Online tutoring is a big thing in education today, but the more traditional home tutoring option is still an option for people offering tutoring services. Some people – tutors and learners alike – prefer it this way. It’s all about personalized service. The thing about online tutoring is that it doesn’t work for everyone, even if it is ideal for most people.
Home tutoring may be the only option for some learners. Examples include people who are falling behind on school or college work because of illness and injury. They may not have a laptop that can be used in bed, or they may not have full use of their hands, which can make the online option, requiring typing, a difficult one.
Some people, and especially some children and younger learners, may not respond properly to remote tutoring via a computer screen. Home tutoring offers the immediacy of face-to-face contact. You can be a tutor with a huge personality, but the online medium can always take the edge off that. There’s something about being in the same room that computers will never be able to replicate. This may be particularly important with children. If the tutor is right there it’s easier to keep their attention and ensure they are not distracted.
Depending on your subject, the online medium can be challenging. If the subject you are offering has a practical component: music, for example), then home tutoring can be the way to go. As the music teacher you can tutor online, telling your student to alter their hand position (or whatever) but it may be easier and more effective to be in the same room where you can take the student’s hand and demonstrate the correct technique.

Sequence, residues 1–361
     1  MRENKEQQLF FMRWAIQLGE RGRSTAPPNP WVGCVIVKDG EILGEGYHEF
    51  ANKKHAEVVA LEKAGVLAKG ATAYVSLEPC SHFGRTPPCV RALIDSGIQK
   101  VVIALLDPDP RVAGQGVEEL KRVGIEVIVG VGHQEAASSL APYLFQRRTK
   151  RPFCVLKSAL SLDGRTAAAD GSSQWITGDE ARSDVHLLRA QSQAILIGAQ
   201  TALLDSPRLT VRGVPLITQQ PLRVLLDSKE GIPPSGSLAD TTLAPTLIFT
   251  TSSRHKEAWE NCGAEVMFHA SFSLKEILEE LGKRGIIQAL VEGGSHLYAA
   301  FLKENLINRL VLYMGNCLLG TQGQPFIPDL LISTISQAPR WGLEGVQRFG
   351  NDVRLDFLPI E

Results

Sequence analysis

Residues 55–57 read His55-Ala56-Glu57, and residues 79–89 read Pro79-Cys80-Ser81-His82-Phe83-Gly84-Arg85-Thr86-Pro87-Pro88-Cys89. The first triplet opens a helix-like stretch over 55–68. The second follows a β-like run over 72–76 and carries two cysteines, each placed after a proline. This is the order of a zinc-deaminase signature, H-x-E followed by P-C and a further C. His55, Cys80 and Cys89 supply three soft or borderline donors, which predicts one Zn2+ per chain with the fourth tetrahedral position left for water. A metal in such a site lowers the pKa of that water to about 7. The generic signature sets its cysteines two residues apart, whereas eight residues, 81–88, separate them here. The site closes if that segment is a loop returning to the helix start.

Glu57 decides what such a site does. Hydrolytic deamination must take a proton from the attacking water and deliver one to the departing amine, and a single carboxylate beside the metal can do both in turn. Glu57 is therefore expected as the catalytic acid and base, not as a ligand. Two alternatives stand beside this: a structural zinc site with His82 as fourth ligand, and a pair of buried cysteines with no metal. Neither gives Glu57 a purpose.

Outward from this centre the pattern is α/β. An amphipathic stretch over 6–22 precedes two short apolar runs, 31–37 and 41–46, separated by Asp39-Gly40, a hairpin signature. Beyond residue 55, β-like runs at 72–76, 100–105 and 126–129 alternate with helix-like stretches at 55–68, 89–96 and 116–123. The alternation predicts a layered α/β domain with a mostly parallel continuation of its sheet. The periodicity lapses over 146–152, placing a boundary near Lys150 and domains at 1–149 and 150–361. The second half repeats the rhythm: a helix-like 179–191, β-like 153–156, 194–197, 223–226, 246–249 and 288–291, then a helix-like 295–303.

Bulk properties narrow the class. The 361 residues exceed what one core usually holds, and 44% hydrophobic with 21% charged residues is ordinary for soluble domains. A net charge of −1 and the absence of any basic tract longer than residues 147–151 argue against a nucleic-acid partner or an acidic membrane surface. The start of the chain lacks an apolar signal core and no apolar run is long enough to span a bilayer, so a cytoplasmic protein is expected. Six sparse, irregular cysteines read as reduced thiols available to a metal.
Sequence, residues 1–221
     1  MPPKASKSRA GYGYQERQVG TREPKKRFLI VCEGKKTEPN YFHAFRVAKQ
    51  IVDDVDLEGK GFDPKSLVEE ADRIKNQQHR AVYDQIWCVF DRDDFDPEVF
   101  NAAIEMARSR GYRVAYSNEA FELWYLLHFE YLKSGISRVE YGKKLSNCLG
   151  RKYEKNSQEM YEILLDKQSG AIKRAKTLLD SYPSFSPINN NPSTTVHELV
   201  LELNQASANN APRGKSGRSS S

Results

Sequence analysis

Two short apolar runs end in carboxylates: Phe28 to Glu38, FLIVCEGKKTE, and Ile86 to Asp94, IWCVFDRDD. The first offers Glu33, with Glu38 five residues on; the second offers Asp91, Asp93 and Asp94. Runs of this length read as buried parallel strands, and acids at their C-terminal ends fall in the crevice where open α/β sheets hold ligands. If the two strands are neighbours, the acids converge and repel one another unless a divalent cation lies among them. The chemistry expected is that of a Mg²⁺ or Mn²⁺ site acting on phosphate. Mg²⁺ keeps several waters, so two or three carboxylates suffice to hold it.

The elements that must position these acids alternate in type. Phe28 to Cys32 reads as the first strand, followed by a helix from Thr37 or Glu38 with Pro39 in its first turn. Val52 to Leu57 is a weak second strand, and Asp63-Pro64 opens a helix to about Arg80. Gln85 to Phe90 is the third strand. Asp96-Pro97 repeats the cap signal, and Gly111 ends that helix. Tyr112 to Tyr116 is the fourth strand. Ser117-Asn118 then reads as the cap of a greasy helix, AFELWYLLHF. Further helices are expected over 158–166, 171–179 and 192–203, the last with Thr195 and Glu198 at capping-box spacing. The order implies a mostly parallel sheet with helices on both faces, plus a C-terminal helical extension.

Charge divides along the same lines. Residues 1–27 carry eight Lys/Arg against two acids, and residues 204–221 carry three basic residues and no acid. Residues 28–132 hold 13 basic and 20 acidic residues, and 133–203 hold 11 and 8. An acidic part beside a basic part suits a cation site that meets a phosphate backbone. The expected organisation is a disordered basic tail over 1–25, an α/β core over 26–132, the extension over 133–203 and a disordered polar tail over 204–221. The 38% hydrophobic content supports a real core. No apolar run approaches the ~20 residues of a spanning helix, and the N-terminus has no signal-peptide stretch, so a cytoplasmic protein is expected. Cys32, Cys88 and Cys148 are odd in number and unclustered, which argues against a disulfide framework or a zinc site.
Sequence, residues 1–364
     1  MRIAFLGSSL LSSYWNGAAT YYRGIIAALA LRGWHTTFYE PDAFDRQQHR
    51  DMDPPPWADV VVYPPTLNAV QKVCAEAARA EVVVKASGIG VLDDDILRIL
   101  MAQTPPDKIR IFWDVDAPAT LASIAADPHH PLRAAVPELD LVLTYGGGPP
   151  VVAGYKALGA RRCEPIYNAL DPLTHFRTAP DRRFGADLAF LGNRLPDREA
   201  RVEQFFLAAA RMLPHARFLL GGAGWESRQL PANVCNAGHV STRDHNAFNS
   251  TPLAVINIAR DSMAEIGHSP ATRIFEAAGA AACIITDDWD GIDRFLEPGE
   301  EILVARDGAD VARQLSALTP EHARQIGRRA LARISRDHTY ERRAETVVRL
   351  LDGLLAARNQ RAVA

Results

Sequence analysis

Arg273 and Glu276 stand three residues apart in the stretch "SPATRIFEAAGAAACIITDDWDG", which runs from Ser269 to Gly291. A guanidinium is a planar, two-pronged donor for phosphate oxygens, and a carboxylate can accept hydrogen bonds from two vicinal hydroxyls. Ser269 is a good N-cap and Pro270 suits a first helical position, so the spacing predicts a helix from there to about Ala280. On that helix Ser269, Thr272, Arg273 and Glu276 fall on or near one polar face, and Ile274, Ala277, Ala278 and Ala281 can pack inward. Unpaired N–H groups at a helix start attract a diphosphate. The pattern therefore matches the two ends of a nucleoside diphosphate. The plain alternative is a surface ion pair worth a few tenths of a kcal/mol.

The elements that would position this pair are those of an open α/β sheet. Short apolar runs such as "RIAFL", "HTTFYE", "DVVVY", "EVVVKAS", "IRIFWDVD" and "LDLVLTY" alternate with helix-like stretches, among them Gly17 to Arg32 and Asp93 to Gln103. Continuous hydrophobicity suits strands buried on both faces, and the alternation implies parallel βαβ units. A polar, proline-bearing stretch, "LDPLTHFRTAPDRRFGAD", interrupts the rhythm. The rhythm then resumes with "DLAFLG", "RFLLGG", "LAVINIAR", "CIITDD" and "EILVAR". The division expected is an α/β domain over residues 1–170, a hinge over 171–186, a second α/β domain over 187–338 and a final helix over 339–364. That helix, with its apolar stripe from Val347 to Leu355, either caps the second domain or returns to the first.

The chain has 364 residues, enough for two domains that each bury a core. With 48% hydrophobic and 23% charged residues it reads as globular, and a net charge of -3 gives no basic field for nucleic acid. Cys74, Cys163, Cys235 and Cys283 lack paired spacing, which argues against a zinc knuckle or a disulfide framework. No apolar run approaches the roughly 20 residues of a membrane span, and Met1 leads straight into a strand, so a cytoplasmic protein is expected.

With all the scare stories around about internet abuse, like bullying, grooming and the like, some parents may be wary of the online learning option for their children. They want to see what they’re getting, in the flesh. Home tutoring is the answer in this scenario.
There’ll always be some people who just hate computers and who want a real person like you in their home, not an impersonal talking head on a screen. You may think that this applies mainly to older people, but there are technophobes of all ages in our societies! Home tutoring is ideal for these learners.
Home tutoring has the obvious downside that you have to commute, with attendant cost and time implications. You will, of course, need to build that into your home tutoring charge, so you won’t be losing out.
If it sounds like a bit of a sweat, think of the benefits. Think of home tutoring as the ultimate personalised service, with maximum convenience for the learners who have enlisted you. Many people offering home tutoring services become like part of the family of the learner they are helping. Your visit could be one of the highlights of the week. Home tutoring may look and sound a tad old-fashioned in the new digital age in education, but it still works.